It seems like forever since we've had a Barbaresco in the store and we wouldn't have the Franco Serra model if we hadn't poked and prodded our distributor for "other types." The Barbaresco, it turns out, is a new addition to the local portfolio.
Barbaresco is one of the truly great Italian reds...period. It gets short shrift because, according to wine industry royalty, it doesn't compare to Barolo. I get it. Barolo is massive. Barbaresco is lighter. That's actually the selling point for some of us.
That's not to say Barbaresco is light red wine. We have the Barbera and Dolcetto from Franco Serra in the store and they are most definitely light. Body-wise, Barbaresco may be more like a hefty Sangiovese. The Dolcetto, by the way, has become quite popular here so, by all means, give it a try.
So here's what we learned about Barbaresco from the Hugh Johnson/Jancis Robinson The Concise World Atlas of Wine:
Barbaresco is a single varietal Piemontese wine made from the same Nebbiolo grape as Barolo, the greatest red wine of Italy. Prior to the 1850's it's style was light and sweet. Then French-style winemaking overcorrected that effort and turned it very dry and heavily oaked. Around 1970 modern winemaking began its intervention in this history resulting in the following changes:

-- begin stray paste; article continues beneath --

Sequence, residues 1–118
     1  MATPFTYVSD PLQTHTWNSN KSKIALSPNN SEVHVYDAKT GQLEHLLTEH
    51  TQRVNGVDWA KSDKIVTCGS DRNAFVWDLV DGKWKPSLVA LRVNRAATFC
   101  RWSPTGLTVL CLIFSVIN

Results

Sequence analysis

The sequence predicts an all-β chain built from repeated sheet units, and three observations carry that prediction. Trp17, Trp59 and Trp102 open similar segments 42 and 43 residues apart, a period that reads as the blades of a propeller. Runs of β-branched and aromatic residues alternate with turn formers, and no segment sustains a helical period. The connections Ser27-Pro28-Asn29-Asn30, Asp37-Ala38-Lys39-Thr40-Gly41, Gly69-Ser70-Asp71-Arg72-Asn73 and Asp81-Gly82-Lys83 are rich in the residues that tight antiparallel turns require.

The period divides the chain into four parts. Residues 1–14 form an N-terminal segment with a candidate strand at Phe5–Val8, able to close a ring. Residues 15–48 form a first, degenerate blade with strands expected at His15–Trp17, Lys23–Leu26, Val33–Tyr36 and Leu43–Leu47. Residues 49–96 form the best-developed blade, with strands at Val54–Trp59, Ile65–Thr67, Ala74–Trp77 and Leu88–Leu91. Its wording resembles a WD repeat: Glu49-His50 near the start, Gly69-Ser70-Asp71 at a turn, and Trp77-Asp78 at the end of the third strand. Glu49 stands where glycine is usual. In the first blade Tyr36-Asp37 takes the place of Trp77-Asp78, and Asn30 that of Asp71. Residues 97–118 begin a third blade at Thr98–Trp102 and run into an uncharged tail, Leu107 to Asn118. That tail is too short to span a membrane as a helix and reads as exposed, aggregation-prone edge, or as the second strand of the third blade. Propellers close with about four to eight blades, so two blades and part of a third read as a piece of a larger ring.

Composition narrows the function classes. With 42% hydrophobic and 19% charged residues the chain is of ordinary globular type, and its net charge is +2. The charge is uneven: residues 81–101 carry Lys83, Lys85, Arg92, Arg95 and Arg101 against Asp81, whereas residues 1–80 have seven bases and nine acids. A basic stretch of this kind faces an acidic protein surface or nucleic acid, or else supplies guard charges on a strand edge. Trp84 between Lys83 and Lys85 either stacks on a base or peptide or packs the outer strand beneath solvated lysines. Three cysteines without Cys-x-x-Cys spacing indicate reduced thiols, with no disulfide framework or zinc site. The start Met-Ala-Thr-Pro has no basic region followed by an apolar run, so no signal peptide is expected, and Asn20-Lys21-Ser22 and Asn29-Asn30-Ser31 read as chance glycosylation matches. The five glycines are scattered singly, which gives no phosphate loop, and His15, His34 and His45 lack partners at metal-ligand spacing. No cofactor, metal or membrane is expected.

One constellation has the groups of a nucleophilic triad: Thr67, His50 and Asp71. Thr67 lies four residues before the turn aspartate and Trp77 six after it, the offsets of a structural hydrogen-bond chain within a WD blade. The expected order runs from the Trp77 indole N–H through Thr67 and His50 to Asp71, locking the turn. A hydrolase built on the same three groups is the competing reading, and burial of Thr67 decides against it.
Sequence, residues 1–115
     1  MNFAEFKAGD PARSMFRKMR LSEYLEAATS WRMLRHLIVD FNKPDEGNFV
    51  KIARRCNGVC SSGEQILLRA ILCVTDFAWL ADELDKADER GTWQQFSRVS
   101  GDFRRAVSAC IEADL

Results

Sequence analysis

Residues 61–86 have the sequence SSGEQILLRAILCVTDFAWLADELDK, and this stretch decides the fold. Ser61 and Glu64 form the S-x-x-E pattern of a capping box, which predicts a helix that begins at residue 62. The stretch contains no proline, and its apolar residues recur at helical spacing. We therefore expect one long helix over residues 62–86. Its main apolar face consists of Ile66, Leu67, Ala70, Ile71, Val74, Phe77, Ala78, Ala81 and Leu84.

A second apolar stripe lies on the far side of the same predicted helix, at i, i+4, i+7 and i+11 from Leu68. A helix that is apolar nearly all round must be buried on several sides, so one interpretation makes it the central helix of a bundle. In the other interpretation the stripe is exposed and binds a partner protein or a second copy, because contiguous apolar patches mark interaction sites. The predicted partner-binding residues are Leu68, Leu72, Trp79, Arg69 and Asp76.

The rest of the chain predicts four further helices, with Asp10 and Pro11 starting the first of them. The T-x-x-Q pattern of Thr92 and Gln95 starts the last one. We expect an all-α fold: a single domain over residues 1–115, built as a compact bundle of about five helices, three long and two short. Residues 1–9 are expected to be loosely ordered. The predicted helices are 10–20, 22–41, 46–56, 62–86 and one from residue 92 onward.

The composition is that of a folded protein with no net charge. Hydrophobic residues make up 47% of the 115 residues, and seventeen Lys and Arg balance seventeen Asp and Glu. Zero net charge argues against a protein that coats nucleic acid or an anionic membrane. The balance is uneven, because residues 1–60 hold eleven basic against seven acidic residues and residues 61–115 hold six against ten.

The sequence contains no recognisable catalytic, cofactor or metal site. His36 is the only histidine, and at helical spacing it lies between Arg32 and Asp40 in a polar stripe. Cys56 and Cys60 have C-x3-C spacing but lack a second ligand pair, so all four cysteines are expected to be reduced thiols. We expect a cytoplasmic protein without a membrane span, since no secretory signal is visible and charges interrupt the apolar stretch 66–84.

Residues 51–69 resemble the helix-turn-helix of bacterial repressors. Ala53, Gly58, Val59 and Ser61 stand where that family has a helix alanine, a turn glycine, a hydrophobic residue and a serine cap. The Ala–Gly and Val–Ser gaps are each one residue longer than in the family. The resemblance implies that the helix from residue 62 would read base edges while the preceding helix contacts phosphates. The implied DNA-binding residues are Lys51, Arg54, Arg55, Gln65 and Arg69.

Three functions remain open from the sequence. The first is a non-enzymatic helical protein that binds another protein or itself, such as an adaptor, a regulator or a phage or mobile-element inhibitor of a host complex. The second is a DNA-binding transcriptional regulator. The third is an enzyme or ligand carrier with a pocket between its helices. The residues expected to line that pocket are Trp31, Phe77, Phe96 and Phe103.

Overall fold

1. Grape picking was greatly improved by measuring phenolic ripeness.
2. Stainless steel fermentation in temperature controlled tanks brought out the inherent fruit in wine grapes.
3. Shorter oak aging in smaller barrels became a normative qualifier for estate wines.
4. Grape maceration was accomplished in days and weeks rather then over months, again, to make a lighter, fresher tasting wine.
Barbaresco became more complex with layers of leafy lighter red berry flavors over smokey jammy concentrated leather and spice. The tannins in the wine no longer overwhelm it but rather frame and refresh the wine's inherent complexity.
Want to taste it? Stop in this Saturday afternoon. No promises, but...we just may have it open!